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Featured Articles

Diagnosis and Management of Primary Hyperhidrosis: Practical Guidance and Current Therapy Update

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Skin of Color Update

Featured Article

With the busy practitioner and dermatology resident in mind, we provide here a disease state primer for hyperhidrosis, a top-line review of the breadth of literature underscoring the overall burden of the disease, a practical guide to differential diagnosis, and an update on current treatment approaches, including for the most common form of the condition, primary axillary hyperhidrosis.

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A case study on the importance of early and effective management strategies for those suffering with hyperhidrosis.

Joe Gorelick MSN FNP-C, Adam Friedman MD

In the most simplistic definition, hyperhidrosis is excessive sweating. However, it is largely misunderstood, often goes undiagnosed, and continues to be inadequately managed for many patients. Approximately half of those who self-identify as having excessive sweating do not discuss their symptoms with healthcare professionals despite the severe negative impact on their quality of life; reasons for this include the misconception that hyperhidrosis is not a medical condition and that no treatments exist.

In one study, only half of patients who reported their symptoms to a healthcare professional were ultimately diagnosed with primary hyperhidrosis, which may reflect a reality of widespread underdiagnosis of the condition.1 In a survey conducted by the International Hyperhidrosis Society (IHhS), 48.9% of patients waited 10 or more years before seeking medical help for their excessive sweating.2

With the busy practitioner and dermatology resident in mind, here we provide a disease state primer for hyperhidrosis, a top-line review of the breadth of literature underscoring the overall burden of the disease, a practical guide to differential diagnosis, and an update on current treatment approaches.3, 4 In addition, a case study in primary axillary (underarm) hyperhidrosis is presented to provide a real-life perspective from the clinic on the importance of early and effective management strategies for those suffering with hyperhidrosis.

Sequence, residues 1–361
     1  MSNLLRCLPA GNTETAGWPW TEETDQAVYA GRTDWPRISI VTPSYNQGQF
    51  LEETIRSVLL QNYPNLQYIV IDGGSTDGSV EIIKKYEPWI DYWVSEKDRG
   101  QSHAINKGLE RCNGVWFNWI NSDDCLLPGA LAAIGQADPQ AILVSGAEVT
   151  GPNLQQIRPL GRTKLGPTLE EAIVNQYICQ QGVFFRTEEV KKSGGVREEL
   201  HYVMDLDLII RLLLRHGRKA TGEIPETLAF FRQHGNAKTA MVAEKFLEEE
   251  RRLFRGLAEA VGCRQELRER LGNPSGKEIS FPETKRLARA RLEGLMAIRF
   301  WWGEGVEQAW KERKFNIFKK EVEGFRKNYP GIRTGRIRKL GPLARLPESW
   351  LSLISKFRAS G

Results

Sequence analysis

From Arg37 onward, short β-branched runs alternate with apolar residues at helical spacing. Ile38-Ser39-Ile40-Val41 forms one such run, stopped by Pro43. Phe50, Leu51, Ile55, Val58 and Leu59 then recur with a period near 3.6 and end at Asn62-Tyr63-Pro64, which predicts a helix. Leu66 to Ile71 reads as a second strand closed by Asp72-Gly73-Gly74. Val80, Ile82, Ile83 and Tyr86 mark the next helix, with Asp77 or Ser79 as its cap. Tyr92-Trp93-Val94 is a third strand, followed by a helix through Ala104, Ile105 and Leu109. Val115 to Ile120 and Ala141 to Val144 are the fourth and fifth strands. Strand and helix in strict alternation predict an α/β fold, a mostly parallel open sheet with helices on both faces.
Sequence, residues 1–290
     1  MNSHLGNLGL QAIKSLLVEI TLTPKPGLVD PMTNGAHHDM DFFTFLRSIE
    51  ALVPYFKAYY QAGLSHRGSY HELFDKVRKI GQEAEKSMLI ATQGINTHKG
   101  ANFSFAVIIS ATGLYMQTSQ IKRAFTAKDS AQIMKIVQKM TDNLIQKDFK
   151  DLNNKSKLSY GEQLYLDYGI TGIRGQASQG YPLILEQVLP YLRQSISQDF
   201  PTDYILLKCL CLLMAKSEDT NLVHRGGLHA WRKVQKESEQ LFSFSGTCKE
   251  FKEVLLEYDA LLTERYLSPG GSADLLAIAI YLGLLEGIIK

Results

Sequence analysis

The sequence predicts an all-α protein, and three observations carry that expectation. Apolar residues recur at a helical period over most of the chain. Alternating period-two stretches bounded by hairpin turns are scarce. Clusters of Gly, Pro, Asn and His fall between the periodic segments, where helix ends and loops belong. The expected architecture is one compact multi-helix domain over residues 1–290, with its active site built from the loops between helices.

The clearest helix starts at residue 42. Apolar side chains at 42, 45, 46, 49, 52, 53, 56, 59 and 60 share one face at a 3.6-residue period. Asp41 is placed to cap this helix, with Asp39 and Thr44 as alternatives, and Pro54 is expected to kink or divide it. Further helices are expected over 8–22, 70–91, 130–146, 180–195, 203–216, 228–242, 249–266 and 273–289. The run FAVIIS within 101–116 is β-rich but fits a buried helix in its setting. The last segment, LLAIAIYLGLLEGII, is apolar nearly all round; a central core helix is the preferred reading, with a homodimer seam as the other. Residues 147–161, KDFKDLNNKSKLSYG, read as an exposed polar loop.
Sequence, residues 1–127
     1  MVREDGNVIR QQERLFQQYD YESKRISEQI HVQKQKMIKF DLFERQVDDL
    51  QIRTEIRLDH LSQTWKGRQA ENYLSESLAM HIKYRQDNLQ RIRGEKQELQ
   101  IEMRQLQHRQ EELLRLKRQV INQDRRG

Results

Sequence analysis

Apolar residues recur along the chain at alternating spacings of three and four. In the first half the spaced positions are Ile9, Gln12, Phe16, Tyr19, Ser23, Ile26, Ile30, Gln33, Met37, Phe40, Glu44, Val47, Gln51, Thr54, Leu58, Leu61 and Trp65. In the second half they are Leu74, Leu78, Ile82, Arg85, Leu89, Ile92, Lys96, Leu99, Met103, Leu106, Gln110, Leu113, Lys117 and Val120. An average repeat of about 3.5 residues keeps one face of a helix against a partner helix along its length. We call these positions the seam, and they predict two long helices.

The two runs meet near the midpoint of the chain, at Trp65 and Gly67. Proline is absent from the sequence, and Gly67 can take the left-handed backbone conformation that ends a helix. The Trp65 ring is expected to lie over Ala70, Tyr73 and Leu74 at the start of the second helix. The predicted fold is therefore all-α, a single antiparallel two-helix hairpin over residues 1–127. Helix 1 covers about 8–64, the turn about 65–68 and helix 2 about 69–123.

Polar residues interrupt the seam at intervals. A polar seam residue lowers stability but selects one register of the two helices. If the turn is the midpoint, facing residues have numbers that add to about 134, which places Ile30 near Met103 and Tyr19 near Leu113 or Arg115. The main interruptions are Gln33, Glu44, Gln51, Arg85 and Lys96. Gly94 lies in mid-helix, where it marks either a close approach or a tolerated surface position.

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Colloidal Oatmeal Part I: Clinical Efficacy in the Treatment of Atopic Dermatitis

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Colloidal oatmeal has a long-standing history in the treatment of dermatologic disease. It is composed of various phytochemicals, which contribute to its wide-ranging function and clinical use. It has various…

Oral Collagen Supplementation: A Systematic Review of Dermatological Applications

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Nutrition is thought to play an important role in skin homeostasis. The use of nutraceuticals or “functional foods” in skincare along with technological innovations within the food industry has been…

Revisiting Handwashing – As It Is Absolutely Essential

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As the coronavirus pandemic continues into the second half of 2020, states across the US remain steadfast in their search to determine the safest methods of returning to normalcy. Without…

Once-Daily Polymeric Tazarotene 0.045% Lotion for Moderate-to-Severe Acne: Pooled Phase 3 Analysis by Sex

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Skin of Color Update

Featured Article

Acne is a common dermatologic condition, affecting up to 85% of adolescents and young adults.1 The prevalence of adult acne appears to be increasing in both females and males; however, there are differences in treatment needs and physiology between the sexes that should be taken into account when prescribing acne treatments.

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Data from these studies were pooled and analyzed post hoc to evaluate outcomes by sex

Leon H. Kircik MD, Linda Stein Gold MD, Kenneth Beer MD, Jerry Tan MD, Hilary Baldwin MD, Eric Guenin PharmD PHD MPH, Robert Kang MS, Jognson Varughesei

Acne is a common dermatologic condition, affecting up to 85% of adolescents and young adults.1 The prevalence of adult acne appears to be increasing in both females and males; however, there are differences in treatment needs and physiology between the sexes that should be taken into account when prescribing acne treatments. While most patients experience onset during adolescence, persistent adult acne is more common in female patients.

Additionally, females are more likely to experience recurrences of acne throughout their lives, requiring long-term maintenance treatment.3,4 In terms of skin physiology, males tend to have less epidermal water loss, higher sebum production, and a lower pH than females.5 In females, sebum production is not only lower, it also decreases with age leading to drier skin later in life.5 Along these lines, females are more likely to report dry, sensitive skin,4 which may become more apparent with age.6 These differences between female and male patients with acne could affect treatment efficacy, tolerability, or adherence.